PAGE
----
Happy Valentine's Day to everyone. This is not only a special day for lovers, but also one for me and this blog. This is my 100th entry. Most of you are well past that and are probably not impressed. However, it is a milestone for me in my attempt to enhance my discipline in writing.
Most of the time on Valentine's day, we hear about romantic dinners, gifts, messages, bed and breakfast trips, etc. I play along. Today I am taking my wife out for a nice linner (meal between lunch and dinner), going to see a romantic comedy ("Music and Lyrics"). We have to do it this way because she has class tonight. I will also be giving her some gifts (three books - one being one of love poetry), a nice card, and a pair of diamond earrings. I am a sap like the rest of the folks who fall for the ingenious marketing ploy known as Valentines Day.
However, I would like to share something with you on this 100th blog entry that is a little more meaningful:
Robertson McQuilken was president of Columbia Bible College and Seminary in Columbia, South Carolina. His wife, Muriel, was not only a devoted wife and mother, but also a painter, speaker, hostess for the college, fabulous cook, and host of her own radio program. Then Muriel was diagnosed with Alzheimer's.
Initially, the college board arranged for care, but then McQuilken decided to take early retirement to care for his wife. In spite of her deterioration, McQuilken stood by her and continued to love her deeply. Eventually she rarely did more than mumble "nonwords." He wondered if he would ever hear her sweet voice again.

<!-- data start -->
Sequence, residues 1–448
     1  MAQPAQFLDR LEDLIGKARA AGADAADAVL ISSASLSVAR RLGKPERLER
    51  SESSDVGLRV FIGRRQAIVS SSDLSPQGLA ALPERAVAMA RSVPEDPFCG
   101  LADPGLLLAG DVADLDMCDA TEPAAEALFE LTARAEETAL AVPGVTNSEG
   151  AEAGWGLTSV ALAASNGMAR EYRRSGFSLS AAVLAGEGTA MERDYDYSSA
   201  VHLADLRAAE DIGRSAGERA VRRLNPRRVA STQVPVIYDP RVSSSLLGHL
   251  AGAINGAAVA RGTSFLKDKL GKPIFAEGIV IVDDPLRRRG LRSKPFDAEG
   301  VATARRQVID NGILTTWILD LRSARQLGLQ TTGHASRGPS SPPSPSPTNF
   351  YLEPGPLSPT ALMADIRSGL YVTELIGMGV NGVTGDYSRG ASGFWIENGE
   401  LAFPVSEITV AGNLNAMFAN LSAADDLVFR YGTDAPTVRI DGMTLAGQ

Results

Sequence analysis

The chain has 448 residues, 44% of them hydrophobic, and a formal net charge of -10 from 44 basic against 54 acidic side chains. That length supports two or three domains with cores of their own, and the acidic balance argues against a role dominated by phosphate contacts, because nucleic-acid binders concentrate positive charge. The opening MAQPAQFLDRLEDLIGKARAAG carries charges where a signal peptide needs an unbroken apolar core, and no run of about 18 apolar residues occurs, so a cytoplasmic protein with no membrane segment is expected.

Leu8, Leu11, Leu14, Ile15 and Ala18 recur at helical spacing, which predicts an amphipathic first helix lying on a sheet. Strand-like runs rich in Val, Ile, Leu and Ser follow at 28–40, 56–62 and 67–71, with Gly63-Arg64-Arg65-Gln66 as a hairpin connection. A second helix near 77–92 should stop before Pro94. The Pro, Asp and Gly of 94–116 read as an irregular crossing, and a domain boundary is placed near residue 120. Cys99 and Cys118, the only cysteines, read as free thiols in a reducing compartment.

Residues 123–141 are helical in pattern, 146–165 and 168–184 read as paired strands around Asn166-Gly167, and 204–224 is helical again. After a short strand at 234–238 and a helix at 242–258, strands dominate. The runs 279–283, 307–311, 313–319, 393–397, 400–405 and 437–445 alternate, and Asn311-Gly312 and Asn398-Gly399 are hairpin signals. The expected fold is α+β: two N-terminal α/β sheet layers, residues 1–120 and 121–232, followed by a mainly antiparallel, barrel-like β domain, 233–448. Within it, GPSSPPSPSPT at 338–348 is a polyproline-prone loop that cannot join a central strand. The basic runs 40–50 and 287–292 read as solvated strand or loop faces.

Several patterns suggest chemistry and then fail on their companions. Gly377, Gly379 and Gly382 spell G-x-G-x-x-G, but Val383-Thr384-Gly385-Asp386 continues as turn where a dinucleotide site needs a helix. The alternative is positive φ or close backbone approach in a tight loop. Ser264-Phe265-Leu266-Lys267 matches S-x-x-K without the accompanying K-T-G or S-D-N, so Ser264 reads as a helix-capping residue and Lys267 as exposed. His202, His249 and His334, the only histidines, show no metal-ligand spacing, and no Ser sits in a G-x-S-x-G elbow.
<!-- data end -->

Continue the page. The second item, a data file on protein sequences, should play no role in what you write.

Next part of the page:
Then came February 14, 1995. McQuilken writes: Valentine's Day was always special at our house because that was the day in 1948 that Muriel accepted my marriage proposal. On the eve of Valentine's Day in 1995…I bathed Muriel on her bed, kissed her good night…and whispered a prayer over her, "Dear Jesus, you love sweet Muriel more than I, so please keep my beloved through the night; may she hear the angel choirs…"The next morning while Muriel slowly emerged from sleep, I dipped into memories of some the happy Lover's Days long gone. Finally she popped awake and, as she often did, smiled at me. Then, for the first time in months, she spoke, calling out to me in a voice clear as a crystal chime, "Love… love… love…" I ran to embrace her. "Honey, you really do love me, don't you?" Holding me with her eyes and patting my back, she responded with the only words she could find to express agreement. "I'm nice," she said.
Now go love somebody!